Friday, June 21, 2013

A Bandon Weekend on the Coast

            If you've moved to Ashland from California the only thing you might possibly long for at times (unless you miss traffic and crowds) is the ocean.  There is a wealth of recreational  water everywhere, with lakes and rivers great for fly fishing, rafting, rowing and swimming,  but to reach the soothing rhythms  and awesome drama of the ocean the shortest distance is a 3-4 hour trek to either Brookings or Bandon. It is well worth the trip.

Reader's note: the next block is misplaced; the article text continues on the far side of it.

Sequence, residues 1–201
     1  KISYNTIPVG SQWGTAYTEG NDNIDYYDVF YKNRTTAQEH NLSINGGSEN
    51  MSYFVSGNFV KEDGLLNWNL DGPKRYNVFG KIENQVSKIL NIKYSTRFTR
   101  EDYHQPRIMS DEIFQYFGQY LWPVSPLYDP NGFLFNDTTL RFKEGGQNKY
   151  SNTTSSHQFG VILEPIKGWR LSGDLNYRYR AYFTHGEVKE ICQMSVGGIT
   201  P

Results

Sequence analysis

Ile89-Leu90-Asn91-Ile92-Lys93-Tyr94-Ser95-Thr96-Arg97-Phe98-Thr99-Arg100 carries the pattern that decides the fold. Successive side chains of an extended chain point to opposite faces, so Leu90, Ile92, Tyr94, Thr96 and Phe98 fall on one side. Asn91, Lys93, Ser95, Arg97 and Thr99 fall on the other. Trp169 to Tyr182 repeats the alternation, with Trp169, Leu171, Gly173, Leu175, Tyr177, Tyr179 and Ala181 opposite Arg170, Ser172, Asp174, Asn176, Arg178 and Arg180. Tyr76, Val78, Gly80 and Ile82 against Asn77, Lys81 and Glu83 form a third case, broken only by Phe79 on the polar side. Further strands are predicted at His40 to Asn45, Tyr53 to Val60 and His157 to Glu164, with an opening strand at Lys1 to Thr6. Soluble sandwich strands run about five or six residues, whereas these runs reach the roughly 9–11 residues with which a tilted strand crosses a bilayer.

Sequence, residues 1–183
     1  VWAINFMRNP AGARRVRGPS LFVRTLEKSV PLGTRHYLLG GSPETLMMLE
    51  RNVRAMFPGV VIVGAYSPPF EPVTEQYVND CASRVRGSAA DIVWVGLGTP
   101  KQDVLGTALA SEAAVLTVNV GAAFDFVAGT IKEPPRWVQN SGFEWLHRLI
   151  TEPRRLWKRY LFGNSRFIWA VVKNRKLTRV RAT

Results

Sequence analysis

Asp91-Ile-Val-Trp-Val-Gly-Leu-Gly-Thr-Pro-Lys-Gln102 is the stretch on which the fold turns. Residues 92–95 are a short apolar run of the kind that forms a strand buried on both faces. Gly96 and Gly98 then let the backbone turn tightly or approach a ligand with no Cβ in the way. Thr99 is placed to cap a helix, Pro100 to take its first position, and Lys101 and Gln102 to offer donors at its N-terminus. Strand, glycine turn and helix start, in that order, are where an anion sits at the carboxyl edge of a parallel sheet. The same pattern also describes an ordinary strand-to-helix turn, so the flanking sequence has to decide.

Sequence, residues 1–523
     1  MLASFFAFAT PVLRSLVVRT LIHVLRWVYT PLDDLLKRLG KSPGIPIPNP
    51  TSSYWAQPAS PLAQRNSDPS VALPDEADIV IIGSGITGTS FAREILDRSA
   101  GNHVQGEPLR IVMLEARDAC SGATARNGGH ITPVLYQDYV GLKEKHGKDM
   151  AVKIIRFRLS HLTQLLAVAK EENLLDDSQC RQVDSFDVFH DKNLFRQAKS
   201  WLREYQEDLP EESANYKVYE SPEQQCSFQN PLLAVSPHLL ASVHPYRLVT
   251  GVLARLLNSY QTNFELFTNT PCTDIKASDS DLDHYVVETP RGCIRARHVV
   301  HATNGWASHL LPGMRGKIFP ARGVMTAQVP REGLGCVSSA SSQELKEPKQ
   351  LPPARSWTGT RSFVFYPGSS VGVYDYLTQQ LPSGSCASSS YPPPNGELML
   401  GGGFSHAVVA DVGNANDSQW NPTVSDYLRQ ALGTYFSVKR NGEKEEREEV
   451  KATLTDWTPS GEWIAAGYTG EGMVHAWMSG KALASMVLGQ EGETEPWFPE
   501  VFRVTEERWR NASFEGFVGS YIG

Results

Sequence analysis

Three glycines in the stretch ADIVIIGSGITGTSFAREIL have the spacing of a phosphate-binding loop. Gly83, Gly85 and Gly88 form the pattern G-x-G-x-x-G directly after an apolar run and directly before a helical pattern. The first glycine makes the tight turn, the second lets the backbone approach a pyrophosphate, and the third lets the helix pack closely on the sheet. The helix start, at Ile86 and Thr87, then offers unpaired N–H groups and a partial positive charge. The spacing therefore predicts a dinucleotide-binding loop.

We traveled to Bandon recently and stayed at the Bandon Inn, where every room has harbor views overlooking the little village of old town Bandon. There is an easy path down to art galleries, restaurants, a narrow pier for crabbing, and the petite harbor.  The old town is 2 blocks long and 3 blocks wide, with a few outlying businesses, such as the newly-built cheese factory on Hwy 101.  The shops have lots of kitchy treasures, nice local crafts, two fun bookstores (a new and a used), coffee houses, candy and chocolate stores, and some very fine art, and the restaurants are good. There are lots of free candy samples at the Cranberry Sweets Co, and cheese samples or ice cream cones at the Face Rock Creamery, and a Friday-Saturday indoor farmers market with great bread, fish and pastries sharing space with local craftspeople.  Here is a sampling of the views, windows and wares in town: